Why this Ipswich mum collected 17 litres of breast milk
FOR new mum Patrice Albury-Dor, breast milk is a valuable commodity.
At home with three-month-old baby boy Eren and husband Andrew, the little family is a picture of baby bliss and the first-time parents couldn't be more content.
It's a happy little bubble Ms Albury-Dor wants other new mums and babies to be able to share, and she's using 17 litres of breast milk to help make that happen.
Ms Albury-Dor, from Booval, has collected her breast milk, the part little Eren was too full to eat, and packaged it for donation to the Queensland Milk Bank.
The milk bank allows other mums, who are unable to feed their children themselves, the ability to choose between formula and donated breast milk.
"It's probably a healthier option for the kids at the hospital to be getting rather than formula. It's specifically made for babies," she said.
"When babies are premature, sometimes mothers have a lot of trouble producing milk because their babies aren't suckling, they're too small. Their breasts don't produce enough milk so they need extra."
Eren's early life hasn't always been milky bliss. He spent a night in intensive care at Lady Cilento Children's Hospital when he was just a few days old.
Ms Albury-Dor, an emergency nurse, was on the receiving end of the emergency treatment she had spent years providing.
Eren was born four weeks early and the new family was facing the prospect of having to rely on other mums for breast milk.
With the help of expert care and a little liquid gold, Eren was able to thrive and is a happy, bubbly baby.
"The birth happened so quickly we didn't have enough time to think about if I could breastfeed him. We did have some trouble initially because he was so small," Ms Albury-Dor said.
"He went to ICU at Lady Cilento and we both worked really hard to get a good supply.
Anytime Eren needed to be settled I would feed him rather than rock him or give him the dummy and that built up my supply quite well. It's the only thing that went right. We had to do IVF to conceive him, my pregnancy was pretty terrible. I got sick at the end, then I had to have a caesarean and then Eren was sick as well.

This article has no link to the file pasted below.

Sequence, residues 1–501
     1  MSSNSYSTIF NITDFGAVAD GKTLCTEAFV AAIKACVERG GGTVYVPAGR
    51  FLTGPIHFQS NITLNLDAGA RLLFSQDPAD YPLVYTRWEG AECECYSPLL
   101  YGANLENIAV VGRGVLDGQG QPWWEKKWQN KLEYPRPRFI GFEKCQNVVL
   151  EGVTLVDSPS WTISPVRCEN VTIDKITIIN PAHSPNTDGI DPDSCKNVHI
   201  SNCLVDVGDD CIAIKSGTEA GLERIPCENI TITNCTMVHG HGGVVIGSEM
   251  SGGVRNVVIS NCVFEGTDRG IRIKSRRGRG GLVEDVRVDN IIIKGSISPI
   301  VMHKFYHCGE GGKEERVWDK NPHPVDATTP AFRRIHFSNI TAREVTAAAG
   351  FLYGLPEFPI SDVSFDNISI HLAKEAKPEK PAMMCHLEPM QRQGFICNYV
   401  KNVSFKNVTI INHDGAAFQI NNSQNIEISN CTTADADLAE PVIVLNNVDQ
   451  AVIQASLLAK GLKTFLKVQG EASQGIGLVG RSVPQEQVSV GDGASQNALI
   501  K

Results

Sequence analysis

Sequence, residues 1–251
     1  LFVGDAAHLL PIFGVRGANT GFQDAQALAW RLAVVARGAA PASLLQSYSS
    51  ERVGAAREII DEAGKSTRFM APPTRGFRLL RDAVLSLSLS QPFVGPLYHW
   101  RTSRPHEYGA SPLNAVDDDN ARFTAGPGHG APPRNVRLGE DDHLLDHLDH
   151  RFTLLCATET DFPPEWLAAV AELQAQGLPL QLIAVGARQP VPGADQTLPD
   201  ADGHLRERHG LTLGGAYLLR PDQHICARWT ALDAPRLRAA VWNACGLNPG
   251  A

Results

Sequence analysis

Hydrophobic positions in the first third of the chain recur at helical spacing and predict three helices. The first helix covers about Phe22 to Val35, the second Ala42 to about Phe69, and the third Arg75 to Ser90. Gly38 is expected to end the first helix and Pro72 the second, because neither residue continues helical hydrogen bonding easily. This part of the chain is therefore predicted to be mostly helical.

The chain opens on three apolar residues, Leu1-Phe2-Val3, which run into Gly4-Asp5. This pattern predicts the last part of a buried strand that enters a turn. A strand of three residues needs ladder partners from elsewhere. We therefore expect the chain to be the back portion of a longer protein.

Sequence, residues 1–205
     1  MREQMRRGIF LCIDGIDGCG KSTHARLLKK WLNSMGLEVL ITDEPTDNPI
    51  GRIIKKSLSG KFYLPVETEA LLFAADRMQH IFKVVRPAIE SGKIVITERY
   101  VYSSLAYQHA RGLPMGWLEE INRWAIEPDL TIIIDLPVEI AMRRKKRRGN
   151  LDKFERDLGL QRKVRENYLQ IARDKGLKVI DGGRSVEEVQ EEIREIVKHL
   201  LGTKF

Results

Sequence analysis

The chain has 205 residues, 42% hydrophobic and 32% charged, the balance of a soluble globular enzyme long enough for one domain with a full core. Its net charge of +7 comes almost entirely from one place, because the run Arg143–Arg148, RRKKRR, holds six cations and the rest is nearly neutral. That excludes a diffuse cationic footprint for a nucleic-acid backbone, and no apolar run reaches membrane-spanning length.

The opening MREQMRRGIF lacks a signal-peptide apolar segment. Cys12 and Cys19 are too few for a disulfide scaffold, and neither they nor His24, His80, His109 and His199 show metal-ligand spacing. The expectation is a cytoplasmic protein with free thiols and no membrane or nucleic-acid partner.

"Everything was going wrong except for the breastfeeding and that's the reason why he has gotten so big. I would definitely consider using donor breast milk rather than formula if I couldn't feed him."
Today, baby Eren has a lot to owe to his mum's milk.
"He's pretty happy all the time, eats a lot, poops a lot and loves a cuddle," Ms Albury-Dor said.
"He just started gaining weight so quickly. He was active and happy all the time. It was amazing. It comes down to being able to feed him well.
"Because Eren was sick in the beginning we wanted to make sure he had the best opportunity to fight any infections and to grow and get big. As far as I'm concerned that's the best way to do it and it worked for Eren."
Donated breast milk 'precious gift' for mums and babies
A LITTLE bit of milk can make a big difference to sick babies and their mums.
New mum Patrice Albury-Dor knows only too well the value of breast milk and she's making sure other mums can share its goodness by donating her excess supply to the Queensland Milk Bank.
Ms Albury-Dor and the Queensland Milk Bank are encouraging other mums to think about their options for donating breast milk, because it could help save a baby's life.
"It's such a waste if you produce more to try and reduce your production," she said.
"It's something that is precious. It's a sought-after commodity like blood or organs. It's something that babies need. I want to make the most of the opportunity.
"It's such a precious gift to be able to give to another mother, to be able to provide nutrients and cover from infections so they don't end up even sicker than they are.
"If you can provide that little bit of cover for little babies, before they can get their immunisations and develop their immune system, it's so worth it.
"It will make you feel good and help little babies. Formula is a great alternative but science just hasn't caught up yet."
Ms Albury-Dor said to be able to breastfeed her baby was one of the most important transitions to motherhood for her and baby Eren.
"The main reason that I wanted to donate is that I know what it feels like for your baby to be sick and the stress that comes along with that. I can't imagine how hard it would be to have a little baby that you just want to give the best chance at life by providing all the antibodies and immune boosters that you get from breastmilk, and not being able to get that supply," Ms Albury-Dor said.
"It's as much of a gift to the mothers as it is to the babies. Knowing that your baby has just that little bit more protection from illnesses while they're young and vulnerable is really important for peace of mind."
For more information visit Queensland Milk Bank.
Contact the Australian Breast Feeding Association for more information about feeding options and support. See breastfeeding.asn.au